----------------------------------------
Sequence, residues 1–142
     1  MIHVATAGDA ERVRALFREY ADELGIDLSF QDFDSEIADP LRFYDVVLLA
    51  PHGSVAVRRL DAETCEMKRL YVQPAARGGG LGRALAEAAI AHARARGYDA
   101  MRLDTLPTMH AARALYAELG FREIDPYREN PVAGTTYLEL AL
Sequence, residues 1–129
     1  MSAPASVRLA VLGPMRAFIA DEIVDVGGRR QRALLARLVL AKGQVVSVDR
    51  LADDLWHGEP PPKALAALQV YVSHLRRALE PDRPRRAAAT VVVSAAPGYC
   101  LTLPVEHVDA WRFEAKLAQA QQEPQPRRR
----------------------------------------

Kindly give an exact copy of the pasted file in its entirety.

Sequence, residues 1–142
     1  MIHVATAGDA ERVRALFREY ADELGIDLSF QDFDSEIADP LRFYDVVLLA
    51  PHGSVAVRRL DAETCEMKRL YVQPAARGGG LGRALAEAAI AHARARGYDA
   101  MRLDTLPTMH AARALYAELG FREIDPYREN PVAGTTYLEL AL
Sequence, residues 1–129
     1  MSAPASVRLA VLGPMRAFIA DEIVDVGGRR QRALLARLVL AKGQVVSVDR
    51  LADDLWHGEP PPKALAALQV YVSHLRRALE PDRPRRAAAT VVVSAAPGYC
   101  LTLPVEHVDA WRFEAKLAQA QQEPQPRRR